Rust Audio

Best way to implement 3-band graphic eq

I’m trying to work out the best way to implement a traditional low-mid-hi graphic eq for my mixer (now called mixjack). I’ve experimented with FIR and IIR filters in the frequency domain, but the results weren’t great. I’d ideally like the 3 filters to preserve energy (when all turned on and mixed together) across frequencies.

What’s the best way to do this? Am I better working in the frequency domain? If so how should I design the filter for the best audible result, and what windowing should I use? Or is it more efficient to apply the fiter in the time domain? If so, how should I design the filter?

Hi @dodj.

You can definitely use the FFT to implement a 3-band EQ. I don’t know how if it’s better, however.

For an FFT-based EQ, I would go for a Hann window with 75% overlap before applying the FFT. This has the property that if you window the input and then add the windows again, you get the original back. Concerning the window size: it determines how many frequency bins you get (longer window means more bins), but a longer window also means more CPU and more latency. For instance, if you have a window of 8 samples (which is really short) and a sampling rate of 40 kHz, you have 4 frequency bins: 0-5kHz, 5-10kHz, 10-15kHz and 15-20kHz and you have a latency of 8 samples.

FIR filters and IIR filters are an entirely different beast and I must admit I’m not very familiar with them. I’ve started reading Julius O Smith III’s book “Introduction to digital filters”, but I haven’t finished it. I think usually one preferres to use FIR or IIR filters since these are usually computationally efficient. You can also use Faust to try out various things and export to Rust code, but I haven’t tried it yet.

Good luck!

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I can fill in some of the gaps. There is a theoretical 1 - 1 correspondence between FIR filters and spectral filters, and to get the convolution kernel for the FIR you apply the IDFT to the spectral kernel. Fourier transform turns convolution (weighted moving average) in the time domain to multiplication in the frequency domain. (The convolution kernel is just the weights to use in your weighted average, or a function in the continuous case, where the weighted average turns into an integral.) I don’t know how issues like windowing, numerical stability and discretization/quantization affect this process in practice.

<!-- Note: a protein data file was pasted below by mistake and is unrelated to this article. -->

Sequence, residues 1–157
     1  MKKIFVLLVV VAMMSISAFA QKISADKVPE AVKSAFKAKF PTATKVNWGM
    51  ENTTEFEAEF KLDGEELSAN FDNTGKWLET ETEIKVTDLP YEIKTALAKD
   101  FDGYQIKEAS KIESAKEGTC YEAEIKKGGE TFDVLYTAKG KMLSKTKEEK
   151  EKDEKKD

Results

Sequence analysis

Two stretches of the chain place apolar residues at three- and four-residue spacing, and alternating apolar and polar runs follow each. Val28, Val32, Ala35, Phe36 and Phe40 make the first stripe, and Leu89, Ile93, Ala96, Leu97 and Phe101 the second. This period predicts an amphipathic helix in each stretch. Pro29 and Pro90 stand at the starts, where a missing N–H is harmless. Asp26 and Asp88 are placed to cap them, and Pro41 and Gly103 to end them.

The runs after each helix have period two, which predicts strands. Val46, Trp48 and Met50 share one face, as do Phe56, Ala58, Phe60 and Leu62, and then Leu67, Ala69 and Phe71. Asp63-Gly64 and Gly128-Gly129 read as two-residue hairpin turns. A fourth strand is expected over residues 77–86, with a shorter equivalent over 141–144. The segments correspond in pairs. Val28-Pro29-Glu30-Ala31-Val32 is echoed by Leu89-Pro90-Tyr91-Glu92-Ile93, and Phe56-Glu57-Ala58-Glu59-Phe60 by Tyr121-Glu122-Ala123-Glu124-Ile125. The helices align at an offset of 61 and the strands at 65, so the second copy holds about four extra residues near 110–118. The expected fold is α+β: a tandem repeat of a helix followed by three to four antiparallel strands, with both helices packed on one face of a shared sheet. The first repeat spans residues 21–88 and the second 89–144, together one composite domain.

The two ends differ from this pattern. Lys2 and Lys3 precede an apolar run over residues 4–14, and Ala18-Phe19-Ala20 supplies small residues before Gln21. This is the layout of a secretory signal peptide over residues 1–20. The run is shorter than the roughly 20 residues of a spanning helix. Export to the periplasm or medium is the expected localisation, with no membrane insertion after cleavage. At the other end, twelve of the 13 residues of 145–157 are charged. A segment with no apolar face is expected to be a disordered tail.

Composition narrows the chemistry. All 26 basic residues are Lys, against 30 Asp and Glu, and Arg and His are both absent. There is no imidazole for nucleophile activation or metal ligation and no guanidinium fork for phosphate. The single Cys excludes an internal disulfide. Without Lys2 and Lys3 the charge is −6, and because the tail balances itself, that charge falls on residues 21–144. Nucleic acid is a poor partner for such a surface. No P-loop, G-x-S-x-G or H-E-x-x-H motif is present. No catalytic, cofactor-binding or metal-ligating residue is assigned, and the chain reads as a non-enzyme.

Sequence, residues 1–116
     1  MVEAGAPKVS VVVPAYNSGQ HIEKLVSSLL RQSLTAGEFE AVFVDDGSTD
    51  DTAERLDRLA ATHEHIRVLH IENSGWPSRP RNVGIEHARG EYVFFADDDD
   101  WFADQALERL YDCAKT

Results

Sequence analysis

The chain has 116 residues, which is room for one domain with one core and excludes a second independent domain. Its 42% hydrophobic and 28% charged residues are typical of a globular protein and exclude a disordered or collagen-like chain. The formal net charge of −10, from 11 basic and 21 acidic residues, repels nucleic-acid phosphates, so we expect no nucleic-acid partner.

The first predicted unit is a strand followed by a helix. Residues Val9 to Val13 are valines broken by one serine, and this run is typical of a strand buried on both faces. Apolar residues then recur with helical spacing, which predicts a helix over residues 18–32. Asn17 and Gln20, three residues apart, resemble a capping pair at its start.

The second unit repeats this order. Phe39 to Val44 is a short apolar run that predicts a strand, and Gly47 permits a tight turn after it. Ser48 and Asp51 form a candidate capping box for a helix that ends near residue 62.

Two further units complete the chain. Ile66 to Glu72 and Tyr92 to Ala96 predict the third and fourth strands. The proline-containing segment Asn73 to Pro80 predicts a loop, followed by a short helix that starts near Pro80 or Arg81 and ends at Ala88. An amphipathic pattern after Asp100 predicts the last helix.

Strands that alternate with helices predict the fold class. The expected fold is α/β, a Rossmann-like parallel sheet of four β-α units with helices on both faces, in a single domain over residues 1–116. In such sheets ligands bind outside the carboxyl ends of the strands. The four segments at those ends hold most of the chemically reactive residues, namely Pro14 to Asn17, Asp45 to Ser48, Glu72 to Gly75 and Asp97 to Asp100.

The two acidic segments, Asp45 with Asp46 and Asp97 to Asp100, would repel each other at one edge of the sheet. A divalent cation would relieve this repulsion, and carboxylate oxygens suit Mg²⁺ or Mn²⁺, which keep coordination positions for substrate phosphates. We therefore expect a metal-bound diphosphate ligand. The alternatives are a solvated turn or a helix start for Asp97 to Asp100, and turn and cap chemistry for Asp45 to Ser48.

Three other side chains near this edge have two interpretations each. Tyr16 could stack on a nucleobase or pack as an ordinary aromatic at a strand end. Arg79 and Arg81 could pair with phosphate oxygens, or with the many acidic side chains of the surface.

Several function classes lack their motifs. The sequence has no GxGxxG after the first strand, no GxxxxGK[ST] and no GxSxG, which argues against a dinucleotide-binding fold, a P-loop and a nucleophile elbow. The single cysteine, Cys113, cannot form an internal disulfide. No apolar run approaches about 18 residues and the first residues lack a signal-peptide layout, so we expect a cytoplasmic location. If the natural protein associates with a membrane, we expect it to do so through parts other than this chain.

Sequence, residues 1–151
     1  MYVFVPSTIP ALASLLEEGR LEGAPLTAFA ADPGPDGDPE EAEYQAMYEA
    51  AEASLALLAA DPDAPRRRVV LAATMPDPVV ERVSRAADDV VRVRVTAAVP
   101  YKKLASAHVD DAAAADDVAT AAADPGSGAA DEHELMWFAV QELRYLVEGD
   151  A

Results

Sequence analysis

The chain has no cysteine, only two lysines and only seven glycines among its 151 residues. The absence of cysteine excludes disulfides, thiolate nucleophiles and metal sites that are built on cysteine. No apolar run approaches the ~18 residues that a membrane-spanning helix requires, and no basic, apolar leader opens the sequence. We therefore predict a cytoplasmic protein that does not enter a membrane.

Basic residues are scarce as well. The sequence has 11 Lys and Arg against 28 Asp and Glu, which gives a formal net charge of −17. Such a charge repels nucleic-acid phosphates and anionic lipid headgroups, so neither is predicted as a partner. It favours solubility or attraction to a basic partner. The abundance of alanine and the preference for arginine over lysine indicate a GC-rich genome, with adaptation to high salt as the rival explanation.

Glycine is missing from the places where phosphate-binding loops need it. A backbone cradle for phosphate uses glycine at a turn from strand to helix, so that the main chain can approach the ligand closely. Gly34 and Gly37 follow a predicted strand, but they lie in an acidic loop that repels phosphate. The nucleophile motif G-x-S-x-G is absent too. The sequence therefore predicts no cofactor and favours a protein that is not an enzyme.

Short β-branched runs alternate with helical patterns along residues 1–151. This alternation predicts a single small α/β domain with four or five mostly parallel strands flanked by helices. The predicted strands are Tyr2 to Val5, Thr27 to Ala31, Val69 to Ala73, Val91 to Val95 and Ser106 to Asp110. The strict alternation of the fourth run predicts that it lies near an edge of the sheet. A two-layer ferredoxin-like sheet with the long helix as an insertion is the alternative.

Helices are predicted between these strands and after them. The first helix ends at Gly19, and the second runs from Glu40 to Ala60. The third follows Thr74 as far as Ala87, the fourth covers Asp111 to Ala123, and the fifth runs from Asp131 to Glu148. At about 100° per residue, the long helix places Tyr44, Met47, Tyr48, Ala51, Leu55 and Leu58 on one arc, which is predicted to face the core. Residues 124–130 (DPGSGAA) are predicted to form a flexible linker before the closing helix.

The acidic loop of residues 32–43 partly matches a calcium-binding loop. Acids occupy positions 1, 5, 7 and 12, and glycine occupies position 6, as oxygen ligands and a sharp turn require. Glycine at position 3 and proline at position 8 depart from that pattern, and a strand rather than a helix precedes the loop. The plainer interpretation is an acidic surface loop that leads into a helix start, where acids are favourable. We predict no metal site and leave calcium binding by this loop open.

Ah, I see. Yes, ignoring discretization, a FIR filter corresponds to a spectral filter with a window of infinite size, where the spectral filter is the FFT of the convolution kernel, with zeroes padded to give it an infinite length as well. The relationship with a STFFT (Short-Term FFT) with overlapping windows is still a little unclear to me, unfortunately.

However, we can already figure out why the windowing is there. If you take an infinite sinc convolution kernel and chop off the ends to make it finite, chopping off the ends is the same as multiplying with a square window. So the corresponding spectral kernel is a convolution of the FFT of the sinc function with the FFT of the square window. Since the square window has quite some high frequency content, the spectral kernel is not perfect.

In the case of an STFFT, you can also explain it differently. For an STFFT, the finite input signal does not really have a start or end: it wraps around. This means that if there’s a jump from the last sample to the first one, it’s percieved by the STFFT as a signal with quite some high frequency content, even if it’s not really there. The windowing is there to mitigate that.

Thinking about it some more, if you want a low-pass filter with a cutoff-frequency of 200 Hz with a sampling frequency of 40kHz, you will need an FFT window of at least 128 samples, probably 256 samples. With this length, it’s already probably more computational efficient to do it in the frequency domain than in the time domain.

Also interesting link: https://ccrma.stanford.edu/~jos/sasp/Example_1_Low_Pass_Filtering.html

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